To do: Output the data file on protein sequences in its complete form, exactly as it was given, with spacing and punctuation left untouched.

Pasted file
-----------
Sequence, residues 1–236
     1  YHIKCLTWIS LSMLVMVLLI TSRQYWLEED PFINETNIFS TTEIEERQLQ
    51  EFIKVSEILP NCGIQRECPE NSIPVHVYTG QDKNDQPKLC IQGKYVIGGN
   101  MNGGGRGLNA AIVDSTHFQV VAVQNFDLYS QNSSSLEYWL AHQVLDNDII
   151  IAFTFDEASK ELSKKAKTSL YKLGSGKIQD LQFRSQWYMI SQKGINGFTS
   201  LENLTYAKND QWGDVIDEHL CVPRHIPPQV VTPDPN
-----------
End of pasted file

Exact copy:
Sequence, residues 1–236
     1  YHIKCLTWIS LSMLVMVLLI TSRQYWLEED PFINETNIFS TTEIEERQLQ
    51  EFIKVSEILP NCGIQRECPE NSIPVHVYTG QDKNDQPKLC IQGKYVIGGN
   101  MNGGGRGLNA AIVDSTHFQV VAVQNFDLYS QNSSSLEYWL AHQVLDNDII
   151  IAFTFDEASK ELSKKAKTSL YKLGSGKIQD LQFRSQWYMI SQKGINGFTS
   201  LENLTYAKND QWGDVIDEHL CVPRHIPPQV VTPDPN